So far, so good. Now to the punishment sense, which is associated specifically with the University of Oxford. This is the way it was described by John Camden Hotten in the 1874 edition of his Slang Dictionary:
Sconce, to fine. Used by Dons as well as undergrads. The Dons fined or sconced for small offences; e.g., five shillings for wearing a coloured coat in hall at dinner-time. Among undergrads a pun, or an oath, or an indecent remark, was sconced by the head of the table.
Sconcing still exists in some colleges in Oxford in a minor way; a piece in the student newspaper Cherwell in 2007 noted it was most common among rowers (that is, sporting persons in boats, not those of a quarrelsome disposition) and one in The Telegraph in 2013 associated it especially with crewdates, social events for Oxford sports teams.
This sense puzzles etymologists. A clue may be in a work by a contemporary of Shakespeare named John Minsheu; in 1617 he published a monumental dictionary in eleven languages, which was, incidentally, the first book ever sold by subscription. He defined sconce to mean “to set up so much in the buttery book upon his head to pay for his punishment”. The buttery book was the ledger that itemised purchases of food and drink by undergraduates from the college buttery (which has nothing to do with butter but was historically the place where the butts, large barrels, of ale were kept). The book would seem from this to have also recorded fines. “Upon his head” we may presume refers to the entry in the book which was headed with his name. So this usage may be linked to the head sense of sconce.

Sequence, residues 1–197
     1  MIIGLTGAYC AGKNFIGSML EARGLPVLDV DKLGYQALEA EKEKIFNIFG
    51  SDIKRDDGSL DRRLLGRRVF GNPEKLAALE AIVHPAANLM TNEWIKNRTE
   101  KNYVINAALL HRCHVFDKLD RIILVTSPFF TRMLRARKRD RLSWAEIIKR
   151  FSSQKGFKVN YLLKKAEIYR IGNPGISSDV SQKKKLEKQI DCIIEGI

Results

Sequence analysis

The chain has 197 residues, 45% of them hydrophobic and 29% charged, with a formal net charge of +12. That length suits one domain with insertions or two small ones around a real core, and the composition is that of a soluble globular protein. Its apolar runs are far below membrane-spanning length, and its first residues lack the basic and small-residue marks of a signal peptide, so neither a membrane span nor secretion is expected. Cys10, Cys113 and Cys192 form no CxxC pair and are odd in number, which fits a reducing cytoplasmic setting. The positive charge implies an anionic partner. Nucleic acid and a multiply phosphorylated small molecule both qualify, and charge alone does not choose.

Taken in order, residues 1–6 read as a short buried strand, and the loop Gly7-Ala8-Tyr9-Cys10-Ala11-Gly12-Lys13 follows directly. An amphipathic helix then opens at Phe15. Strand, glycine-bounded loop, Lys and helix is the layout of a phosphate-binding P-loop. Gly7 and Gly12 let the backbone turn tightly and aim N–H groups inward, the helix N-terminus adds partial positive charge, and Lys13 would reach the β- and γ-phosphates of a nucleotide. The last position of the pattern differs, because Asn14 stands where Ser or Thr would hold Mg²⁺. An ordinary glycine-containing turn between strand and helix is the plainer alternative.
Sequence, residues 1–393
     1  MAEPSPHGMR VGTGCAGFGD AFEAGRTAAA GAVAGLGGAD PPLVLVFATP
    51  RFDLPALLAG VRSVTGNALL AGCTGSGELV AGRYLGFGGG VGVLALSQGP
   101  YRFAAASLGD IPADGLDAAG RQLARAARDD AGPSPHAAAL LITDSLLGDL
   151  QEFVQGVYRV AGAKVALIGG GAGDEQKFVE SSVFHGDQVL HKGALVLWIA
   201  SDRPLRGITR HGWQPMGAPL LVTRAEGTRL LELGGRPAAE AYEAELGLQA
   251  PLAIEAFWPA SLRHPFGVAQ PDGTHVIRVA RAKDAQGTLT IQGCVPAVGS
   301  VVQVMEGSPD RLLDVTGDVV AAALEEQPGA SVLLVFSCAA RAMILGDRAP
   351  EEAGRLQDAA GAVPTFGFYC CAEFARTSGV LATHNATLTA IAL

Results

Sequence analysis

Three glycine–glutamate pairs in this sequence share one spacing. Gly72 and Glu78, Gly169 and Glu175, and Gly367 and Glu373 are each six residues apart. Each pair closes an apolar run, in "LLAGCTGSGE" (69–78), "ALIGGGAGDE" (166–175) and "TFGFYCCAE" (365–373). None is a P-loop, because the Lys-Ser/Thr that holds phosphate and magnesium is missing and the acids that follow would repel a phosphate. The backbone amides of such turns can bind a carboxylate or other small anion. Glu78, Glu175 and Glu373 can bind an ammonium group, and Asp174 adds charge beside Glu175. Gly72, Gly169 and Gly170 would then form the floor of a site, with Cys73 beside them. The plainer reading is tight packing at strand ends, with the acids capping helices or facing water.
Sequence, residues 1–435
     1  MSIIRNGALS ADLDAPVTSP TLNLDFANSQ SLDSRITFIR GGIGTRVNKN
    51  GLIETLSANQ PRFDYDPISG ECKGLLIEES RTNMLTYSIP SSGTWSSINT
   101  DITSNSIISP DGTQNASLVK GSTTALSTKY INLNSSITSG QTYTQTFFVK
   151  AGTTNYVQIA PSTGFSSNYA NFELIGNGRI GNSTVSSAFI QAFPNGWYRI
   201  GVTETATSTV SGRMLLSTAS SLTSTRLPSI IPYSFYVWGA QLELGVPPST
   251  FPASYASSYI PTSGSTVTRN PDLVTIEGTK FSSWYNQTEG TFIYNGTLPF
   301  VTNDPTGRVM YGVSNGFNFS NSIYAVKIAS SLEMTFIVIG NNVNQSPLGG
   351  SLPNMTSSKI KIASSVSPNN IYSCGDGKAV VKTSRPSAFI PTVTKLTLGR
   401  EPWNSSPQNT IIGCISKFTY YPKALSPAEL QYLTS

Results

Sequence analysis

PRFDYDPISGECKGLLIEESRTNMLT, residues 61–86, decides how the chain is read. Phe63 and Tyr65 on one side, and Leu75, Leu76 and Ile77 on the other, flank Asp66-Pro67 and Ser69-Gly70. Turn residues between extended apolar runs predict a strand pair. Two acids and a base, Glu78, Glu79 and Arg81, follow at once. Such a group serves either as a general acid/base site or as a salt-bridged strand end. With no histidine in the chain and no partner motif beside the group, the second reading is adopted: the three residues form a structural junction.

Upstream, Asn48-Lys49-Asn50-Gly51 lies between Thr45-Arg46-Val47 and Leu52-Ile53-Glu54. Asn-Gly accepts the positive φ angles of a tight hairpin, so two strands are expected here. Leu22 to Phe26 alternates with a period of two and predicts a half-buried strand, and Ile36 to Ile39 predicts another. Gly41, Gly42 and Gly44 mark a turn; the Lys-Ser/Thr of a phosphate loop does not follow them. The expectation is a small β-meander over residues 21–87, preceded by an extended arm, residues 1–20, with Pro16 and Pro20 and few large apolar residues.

The same sense appears in another long-obsolete phrase, build up a sconce, to run up a big bill at an inn or tavern, especially with the intention of never paying it, and in the related verb sconce, to defraud somebody.
This word turned up in a review I read over the holiday break of Richard Mabey’s new book, The Cabaret of Plants. Checking my files, I found that I’d seen it in two earlier articles in British newspapers in the past decade. Both say, as Mabey does, that it was a word invented in the nineteenth century as a derogatory reference to the obsessive collection of rare orchids.
A search found other examples in British and American books and newspapers, most of which likewise suggested that it was well over a century old. The earliest was in the Daily Herald of Chicago in April 1999: “the Victorians coined a word, ‘orchidelirium,’ for their peculiar obsession.”